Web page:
Neon Desert Music Festival caters to local talent

EL PASO – When Neon Desert Music Festival kicked off for its eighth time this weekend, many local bands in the lineup represent the Sun City. From the festival’s inception in 2009, Neon Desert Music Festival has continuously strived to be a yearly music event catering to its host city as a creative outlet “for El Pasoans by El Pasoans”. Cumulatively, NDMF has hosted over 170,000 attendees, with over 40,000 music fans joining last year’s two-day celebration. By reserving 15 city blocks in downtown El Paso, this west Texas music festival is one of the largest venues for a street festival in the state, according to the organizers. This year’s lineup features a mix of well-known artists such as Cardi B, Martin Garrix, Café Tacvba, GTA, and local groups such as SleepSpent, The Swell Kids, Fat Camp, and Gila Monster.

United Way helps millennials give back to the Borderland through RISE

When Hollie Jacobson accepted the job of marketing and communications manager for United Way’s Rise program six months ago, she was so excited about the program’s mission of engaging millennials in community volunteer activities that she recruited her boyfriend, Saul Williams.

The 25-year-old intern for the CEO of the El Paso Children’s Hospital says he didn’t think twice.  

 

“I was raised in El Paso and really care about the city so being able to give back to the community that helped mold me into the young man I am today is a great opportunity,” said Williams, who joined four months ago. “The volunteer projects and speaker series are a great way to get involved as well as stay updated with the growth of El Paso,” he added. The United Way’s extension program called RISE is a unique way for millennials to connect with the El Paso community through hands-on volunteer projects such as RISE for Hunger and informal hangouts. The program took off September 2017 when Stephanie Gorman was hired to run RISE.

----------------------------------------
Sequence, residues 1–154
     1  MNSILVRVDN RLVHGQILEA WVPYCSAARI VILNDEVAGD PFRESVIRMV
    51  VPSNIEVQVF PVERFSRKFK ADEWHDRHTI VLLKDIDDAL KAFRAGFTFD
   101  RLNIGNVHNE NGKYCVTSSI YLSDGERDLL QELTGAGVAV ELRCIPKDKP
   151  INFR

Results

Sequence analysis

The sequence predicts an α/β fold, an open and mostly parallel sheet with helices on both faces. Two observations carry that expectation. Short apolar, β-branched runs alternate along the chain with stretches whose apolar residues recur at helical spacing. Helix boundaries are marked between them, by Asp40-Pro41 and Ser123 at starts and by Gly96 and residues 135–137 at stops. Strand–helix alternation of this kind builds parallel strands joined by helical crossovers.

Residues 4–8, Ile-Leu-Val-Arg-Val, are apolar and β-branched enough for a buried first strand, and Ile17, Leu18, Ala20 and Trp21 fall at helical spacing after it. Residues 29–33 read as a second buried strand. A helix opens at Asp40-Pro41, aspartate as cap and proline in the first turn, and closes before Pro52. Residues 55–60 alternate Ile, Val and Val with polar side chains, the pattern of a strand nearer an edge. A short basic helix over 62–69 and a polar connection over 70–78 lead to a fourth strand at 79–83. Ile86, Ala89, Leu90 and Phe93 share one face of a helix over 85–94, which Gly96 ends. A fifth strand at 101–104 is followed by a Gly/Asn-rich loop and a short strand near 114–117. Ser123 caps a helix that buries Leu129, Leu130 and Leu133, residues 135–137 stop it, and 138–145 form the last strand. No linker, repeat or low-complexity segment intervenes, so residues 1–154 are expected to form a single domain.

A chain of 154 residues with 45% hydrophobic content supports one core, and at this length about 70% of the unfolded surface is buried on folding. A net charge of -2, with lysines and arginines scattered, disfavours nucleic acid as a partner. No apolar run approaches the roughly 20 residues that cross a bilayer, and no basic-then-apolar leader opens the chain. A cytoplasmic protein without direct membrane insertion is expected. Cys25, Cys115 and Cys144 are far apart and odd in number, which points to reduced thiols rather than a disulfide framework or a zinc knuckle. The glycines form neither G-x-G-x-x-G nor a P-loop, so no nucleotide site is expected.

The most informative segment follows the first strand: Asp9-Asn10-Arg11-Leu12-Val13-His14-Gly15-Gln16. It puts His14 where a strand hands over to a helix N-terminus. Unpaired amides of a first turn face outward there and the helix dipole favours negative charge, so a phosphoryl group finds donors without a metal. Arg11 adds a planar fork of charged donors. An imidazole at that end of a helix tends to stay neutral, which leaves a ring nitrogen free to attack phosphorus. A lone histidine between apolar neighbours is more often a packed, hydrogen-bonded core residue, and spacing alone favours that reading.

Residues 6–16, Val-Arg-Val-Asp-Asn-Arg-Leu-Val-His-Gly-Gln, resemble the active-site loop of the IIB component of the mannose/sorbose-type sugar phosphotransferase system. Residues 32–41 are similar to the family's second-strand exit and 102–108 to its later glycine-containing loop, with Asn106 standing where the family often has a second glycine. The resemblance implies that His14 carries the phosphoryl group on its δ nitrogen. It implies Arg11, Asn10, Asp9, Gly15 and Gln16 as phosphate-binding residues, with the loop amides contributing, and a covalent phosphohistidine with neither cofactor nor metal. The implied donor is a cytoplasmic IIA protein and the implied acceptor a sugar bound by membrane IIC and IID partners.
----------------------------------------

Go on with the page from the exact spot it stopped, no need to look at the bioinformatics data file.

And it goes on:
Hueco Tanks attracts rock climbers from around the world, but few locals realize what else this Texas state park offers

For about 10,000 years, Hueco Tanks in East El Paso has been a destination for people of all types. The rock formation brings nature enthusiasts from all over the world to practice rock climbing, bird watching, camping and to know about its unique history. But, despite its worldwide fame, many El Pasoans do not know about the picturesque rock formation in their own backyard. “Not a lot of people know we are out here,” said Kendra Moore, park ranger and interpreter at Hueco Tanks State Park and Historic Site. Moore provides interpretation tours of pictographs and background information on how the rock formation was home in the past to Native Americans and later to white settlers.

Aspiring Juarez photographers continue to develop one year after National Geographic Photo Camp came to town

Last April, National Geographic photographers Dominic Bracco, Tyrone Turner, and Amy Toensing brought Photo Camp to Cd. Juarez to encourage young people to share their perspectives on life on the border through photography and writing. Now, a year after photo camp, some of the participants reflect on their experience and how their lives changed after participating in this workshop. “This was a really interesting workshop because I didn’t have any knowledge about photography. Although what stayed with me the most is the human side before taking a photo, they made us get to know the person before capturing their portrait,” said Miriam Cortez, 21 years old, a participant of the Nat-Geo photo camp.